Birth cohort screening for hepatitis C is cost effective in the primary care setting which could save many thousands of lives each year, according to a new study.
About 1.5 percent of the nation's population is infected with hepatitis C (HCV), a virus that can cause inflammation and permanent liver damage. The infection is most prevalent among people born from 1945 through 1965, and approximately 50 to 75 percent of those with HCV are unaware that they are infected. This is a problem because HCV progresses slowly, and the risk of serious complications increases as time passes. In 2005, HCV resulted in up to 13,000 deaths. Experts say that without changes to current case identification and treatment, deaths from HCV are projected to increase to 35,000 a year by 2030.
AdvertisementCurrently, the Centers for Disease Control and Prevention (CDC) recommends antibody screening only of individuals with health or lifestyle indicators suggesting potential infection. These indicators include a history of injecting drugs, having a blood transfusion before 1992, or being a chronic hemodialysis patient. Low case identification may result from the difficulty of implementing risk-based screening given the limited time of primary care visits and unease in discussing behavioral risks.
Researchers sought to determine if proactively screening the birth cohort of people born from 1945 through 1965 for HCV would be cost effective in the primary care setting. They developed a computer model to analyze the cost effectiveness of four scenarios: 1) no screening or treatment; 2) risk-based screening and standard treatment (pegylated interferon and ribavirin); 3) birth cohort screening with standard treatment; 4) birth cohort screening with standard treatment for patients identified with hepatitis C genotype 2 or 3, and standard treatment plus a direct acting antiviral drug (DAA) for patients identified with genotype 1 disease (the most prevalent genotype in the U.S.).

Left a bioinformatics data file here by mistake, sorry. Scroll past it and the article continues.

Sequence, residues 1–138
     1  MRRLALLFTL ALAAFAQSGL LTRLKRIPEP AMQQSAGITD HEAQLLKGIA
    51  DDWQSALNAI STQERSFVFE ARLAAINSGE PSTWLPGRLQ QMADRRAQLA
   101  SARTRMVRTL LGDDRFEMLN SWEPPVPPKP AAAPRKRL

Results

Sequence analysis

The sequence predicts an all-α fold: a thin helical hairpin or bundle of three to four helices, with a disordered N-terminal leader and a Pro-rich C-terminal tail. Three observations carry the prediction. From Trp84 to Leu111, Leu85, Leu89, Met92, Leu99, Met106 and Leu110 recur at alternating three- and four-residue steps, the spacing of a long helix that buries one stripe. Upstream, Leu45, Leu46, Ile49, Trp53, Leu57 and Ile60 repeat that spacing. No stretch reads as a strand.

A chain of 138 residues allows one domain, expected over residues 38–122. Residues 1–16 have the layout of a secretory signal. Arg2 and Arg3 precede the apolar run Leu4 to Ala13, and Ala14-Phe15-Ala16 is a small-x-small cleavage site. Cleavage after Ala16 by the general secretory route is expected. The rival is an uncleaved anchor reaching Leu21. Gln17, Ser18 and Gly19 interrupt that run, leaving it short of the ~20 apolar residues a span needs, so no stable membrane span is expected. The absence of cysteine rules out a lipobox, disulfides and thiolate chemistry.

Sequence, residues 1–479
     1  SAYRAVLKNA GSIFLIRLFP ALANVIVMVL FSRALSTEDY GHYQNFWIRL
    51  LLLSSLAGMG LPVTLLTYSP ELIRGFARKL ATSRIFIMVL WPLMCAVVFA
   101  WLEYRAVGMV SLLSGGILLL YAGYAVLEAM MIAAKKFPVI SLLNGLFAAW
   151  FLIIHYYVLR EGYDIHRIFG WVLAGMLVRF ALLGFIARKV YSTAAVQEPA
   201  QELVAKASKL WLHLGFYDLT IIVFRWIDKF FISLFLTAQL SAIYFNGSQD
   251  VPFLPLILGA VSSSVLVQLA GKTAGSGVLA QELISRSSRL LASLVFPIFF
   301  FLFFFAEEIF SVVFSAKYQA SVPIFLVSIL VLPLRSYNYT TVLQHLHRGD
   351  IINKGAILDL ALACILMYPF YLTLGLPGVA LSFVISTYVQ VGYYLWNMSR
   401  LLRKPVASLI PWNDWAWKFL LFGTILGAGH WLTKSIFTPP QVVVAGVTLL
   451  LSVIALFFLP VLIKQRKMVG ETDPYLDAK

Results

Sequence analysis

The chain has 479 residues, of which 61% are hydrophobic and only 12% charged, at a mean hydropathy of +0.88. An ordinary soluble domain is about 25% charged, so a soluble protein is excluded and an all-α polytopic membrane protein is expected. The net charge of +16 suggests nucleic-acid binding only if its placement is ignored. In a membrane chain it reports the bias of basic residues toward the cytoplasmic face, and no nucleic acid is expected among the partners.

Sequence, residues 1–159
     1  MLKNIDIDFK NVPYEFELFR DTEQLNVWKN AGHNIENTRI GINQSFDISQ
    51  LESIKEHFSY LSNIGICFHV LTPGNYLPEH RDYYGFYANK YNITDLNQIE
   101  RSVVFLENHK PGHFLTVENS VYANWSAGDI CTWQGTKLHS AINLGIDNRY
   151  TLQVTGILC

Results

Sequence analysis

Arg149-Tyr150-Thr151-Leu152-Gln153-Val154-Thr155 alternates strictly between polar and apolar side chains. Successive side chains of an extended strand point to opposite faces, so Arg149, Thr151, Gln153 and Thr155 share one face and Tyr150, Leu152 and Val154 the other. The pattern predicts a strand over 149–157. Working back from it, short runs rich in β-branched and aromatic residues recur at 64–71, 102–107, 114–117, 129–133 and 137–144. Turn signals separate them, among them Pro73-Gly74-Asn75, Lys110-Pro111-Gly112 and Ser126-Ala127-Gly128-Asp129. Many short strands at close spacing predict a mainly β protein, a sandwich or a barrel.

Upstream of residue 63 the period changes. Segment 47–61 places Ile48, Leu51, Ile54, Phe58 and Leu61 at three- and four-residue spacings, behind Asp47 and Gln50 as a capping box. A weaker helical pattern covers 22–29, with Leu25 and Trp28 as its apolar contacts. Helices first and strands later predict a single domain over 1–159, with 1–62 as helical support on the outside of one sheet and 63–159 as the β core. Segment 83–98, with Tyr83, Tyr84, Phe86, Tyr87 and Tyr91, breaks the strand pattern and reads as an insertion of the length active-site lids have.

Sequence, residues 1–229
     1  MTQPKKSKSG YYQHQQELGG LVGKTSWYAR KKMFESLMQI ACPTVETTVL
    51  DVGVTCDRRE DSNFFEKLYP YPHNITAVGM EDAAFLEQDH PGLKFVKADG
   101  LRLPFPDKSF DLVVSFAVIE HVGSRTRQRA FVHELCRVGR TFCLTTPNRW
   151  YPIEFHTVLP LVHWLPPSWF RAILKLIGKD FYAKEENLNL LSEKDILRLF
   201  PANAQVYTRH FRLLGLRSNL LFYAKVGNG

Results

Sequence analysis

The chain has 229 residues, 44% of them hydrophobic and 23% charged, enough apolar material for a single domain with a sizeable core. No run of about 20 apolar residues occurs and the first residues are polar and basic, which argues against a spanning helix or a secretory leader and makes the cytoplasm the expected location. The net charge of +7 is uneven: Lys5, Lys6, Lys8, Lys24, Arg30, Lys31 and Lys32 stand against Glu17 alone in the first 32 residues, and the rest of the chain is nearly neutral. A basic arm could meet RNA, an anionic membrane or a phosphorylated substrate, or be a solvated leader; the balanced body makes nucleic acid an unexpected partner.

The researchers found that compared to the current strategy of risk-based screening, birth cohort screening followed by standard treatment reduced deaths by 82,300 at a cost of $15,700 per quality adjusted life-year (QALY) gained. Incorporating DAA treatment to standard therapy when indicated would prevent approximately 121,000 deaths compared to risk-based screening at a cost of $35,000 per QALY gained.
"The important things to remember about birth cohort screening are that, first, the strategy would identify over 800,000 people with hepatitis C if it were fully implemented, and second, the strategy is at least as cost-effective as many routinely administered preventive practices such as breast cancer screening or colorectal screening," said David Rein, PhD, Principal Research Scientist, Public Health Research Department, NORC at the University of Chicago, and lead author of the study.
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